Fracture risk PMR/ GCA: Interesting study on... - PMRGCAuk


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Fracture risk PMR/ GCA

Interesting study on fracture risk in PMR and GCA. Will leave you to draw your own conclusions!

An incidental finding was that GP’s consistently start patients on a higher dose of prednisolone for PMR than recommended by the evidence based clinical guidelines ( 15 to 25mg ). The authors recommend further study on this.

25 Replies

Thanks Keyes -for the link to this recent article. I thought this an interesting statement:

'Glucocorticoids remain the first-line recommended treatment for GCA and PMR, and are a well-established cause of osteoporosis and fragility fracture [3]. However, in other inflammatory conditions, increased fracture risk was also observed in patients not using glucocorticoids [4–6], which may support a direct association between inflammation and osteoporosis.'

Obviously everything is endlessly complicated whatever we do - so it will be interesting to read comments from our in-house 'experts'

Best wishes

in reply to Rimmy

Hi Rimmy,

Yes I thought that was interesting as well. Worthy of further study.

Polywotsit profile image
PolywotsitPMRGCAuk team member

Thanks for posting this link Keyes! It's a good example of what you can do with 'big data '. This size of population rules out chance effects. A study cited by one of the presenters at our Newcastle research roadshow also found that 65% of PMR patients are started off on doses higher than the recommendations. Incidentally, current guidelines recommend 15mg as a starter. Higher doses for very large people or those who don't respond well enough to the 15mg. This was discussed at length in the ACR/EULAR working group, because some countries tend to start people off on a higher dose of 20-25 (e.g. Germany) . I was started off on 20mg although I only weighed 8 stone at the time. I have often wondered whether I could have managed on less and maybe avoided some of the worst effects, including a stress fracture in my foot!

in reply to Polywotsit

It popped up on my twitter feed Kate, lots of great medical stuff there.

Polywotsit profile image
PolywotsitPMRGCAuk team member in reply to

Yes I follow the Keele team but hadn't picked this one up.

PMRpro profile image
PMRproAmbassador in reply to Polywotsit

Sorry Kate, I know your name is on the paper but it is not 15mg any more. It is

"The panel conditionally recommends using the minimum effective GC dose within a range of 12.5–25 mg prednisone equivalent daily as the initial treatment of PMR. A higher initial prednisone dose within this range may be considered in patients with a high risk of relapse and low risk of adverse events, whereas in patients with relevant comorbidities (eg, diabetes, osteoporosis, glaucoma, etc.) and other risk factors for GC-related side effects, a lower dose may be preferred. The panel discourages conditionally the use of initial doses <7.5 mg/day and strongly recommends against the use of initial doses >30 mg/day."

I was started on 15mg prednisolone - miraculous result in 6 hours. But after 14 years I still have PMR symptoms if I go too low. The best tapering period I had was after a short-term high dose i.v. treatment which came after a hellish 9 months on methylprednisolone which simply didn't work, even at 20mg - back to 15mg prednisone and I got the same miracle as originally and then tapered steadily to under 5mg before a flare.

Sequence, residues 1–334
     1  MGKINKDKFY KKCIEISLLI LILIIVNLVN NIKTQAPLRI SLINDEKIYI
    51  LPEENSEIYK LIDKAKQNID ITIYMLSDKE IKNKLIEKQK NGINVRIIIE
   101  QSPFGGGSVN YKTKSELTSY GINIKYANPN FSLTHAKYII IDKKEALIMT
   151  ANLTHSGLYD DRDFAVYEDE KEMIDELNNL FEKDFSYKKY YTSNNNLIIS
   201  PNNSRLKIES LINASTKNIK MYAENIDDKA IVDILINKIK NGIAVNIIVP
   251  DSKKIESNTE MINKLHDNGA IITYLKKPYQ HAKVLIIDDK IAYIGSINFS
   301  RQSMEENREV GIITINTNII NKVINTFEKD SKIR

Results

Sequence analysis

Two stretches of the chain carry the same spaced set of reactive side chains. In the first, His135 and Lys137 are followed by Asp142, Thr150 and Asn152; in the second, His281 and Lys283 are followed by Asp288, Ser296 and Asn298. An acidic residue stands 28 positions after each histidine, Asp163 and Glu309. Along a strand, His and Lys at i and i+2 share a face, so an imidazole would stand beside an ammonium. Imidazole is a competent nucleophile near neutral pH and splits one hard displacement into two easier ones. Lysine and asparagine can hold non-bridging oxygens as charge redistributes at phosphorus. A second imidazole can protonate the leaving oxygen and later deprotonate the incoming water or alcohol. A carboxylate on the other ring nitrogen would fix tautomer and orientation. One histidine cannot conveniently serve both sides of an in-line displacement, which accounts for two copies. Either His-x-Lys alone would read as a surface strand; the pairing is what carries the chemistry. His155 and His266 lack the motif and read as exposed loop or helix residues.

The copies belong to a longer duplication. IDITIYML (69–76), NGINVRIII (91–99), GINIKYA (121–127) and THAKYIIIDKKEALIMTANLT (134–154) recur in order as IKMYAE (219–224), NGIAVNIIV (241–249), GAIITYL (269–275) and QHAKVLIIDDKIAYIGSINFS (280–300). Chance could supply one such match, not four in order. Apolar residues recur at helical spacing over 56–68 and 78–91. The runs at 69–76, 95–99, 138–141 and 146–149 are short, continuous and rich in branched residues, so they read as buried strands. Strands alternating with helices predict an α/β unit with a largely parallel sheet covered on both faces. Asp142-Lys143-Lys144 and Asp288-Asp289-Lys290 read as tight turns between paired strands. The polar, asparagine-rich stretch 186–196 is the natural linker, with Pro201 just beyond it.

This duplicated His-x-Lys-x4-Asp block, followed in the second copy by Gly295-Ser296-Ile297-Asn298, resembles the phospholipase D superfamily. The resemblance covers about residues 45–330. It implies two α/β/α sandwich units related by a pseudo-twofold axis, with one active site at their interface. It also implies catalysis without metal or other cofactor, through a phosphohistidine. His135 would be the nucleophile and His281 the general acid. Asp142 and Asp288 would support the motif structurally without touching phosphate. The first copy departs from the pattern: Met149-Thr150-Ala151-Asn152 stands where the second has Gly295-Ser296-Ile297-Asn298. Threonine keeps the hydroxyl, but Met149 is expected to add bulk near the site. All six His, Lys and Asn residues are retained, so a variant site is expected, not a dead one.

I have to say though - looking at the bit about the risk being worst in the early stages makes me wonder whether that also reflects the clumsiness that so many patients, especially with PMR, report. In the first 5 years of PMR (no pred) I could trip over nothing! It wasn't until relatively recently that I felt comfortable going down steps again. I have always consciously reduced the fall hazards in the house - proper footwear, no slippy rugs, no pets, no trailing wires, good lighting and so on. Thinking about it - the wobbliness disappearing probably coincided with my vit D level being identified as low and being put right. That is also known to be associated with fracture risk.

However - if there is this high risk of fracture, surely that should be a contributory factor in approving tocilizumab?

Polywotsit profile image
PolywotsitPMRGCAuk team member in reply to PMRpro

Oops! Sorry - I didn't make myself very clear there - that's a problem with doing this on the phone instead of the pooter! What I should have said was that one school of thought in the working group, especially the British and US rheumatologists argued strongly that the starting dose should be 15mg to determine whether that would be effective - but another school of thought was 'well, we routinely start people on 25mg'. So in the end there was a kind of compromise position taken in the report.

PMRpro profile image
PMRproAmbassador in reply to Polywotsit

I had assumed that was what happened.

To be honest - I really do get the impression that PMR is far better managed in non-English-speaking countries. And the horror stories tend to be from the US as often as not! The medical staff here are far more aware - I rarely have to explain what it is and Italy is not meant to have particularly high rates but some of the major players in research have been from here.

I'm glad I'm a dinosaur - my baby pooter is infinitely superior for writing!!! And almost as portable.

yogabonnie profile image
yogabonnie in reply to PMRpro

ALL horror stories tend to be from the US as often as not!

PMRpro profile image
PMRproAmbassador in reply to yogabonnie

They don't have a monopoly though ;-)

Thank you for posting this Keyes. Food for thought indeed. I agree with Rimmy about the statement she quotes and with Kate re starting doses (40mg for PMR in my case though was told to decrease to 20mg Pred daily after a week-I was a size 10)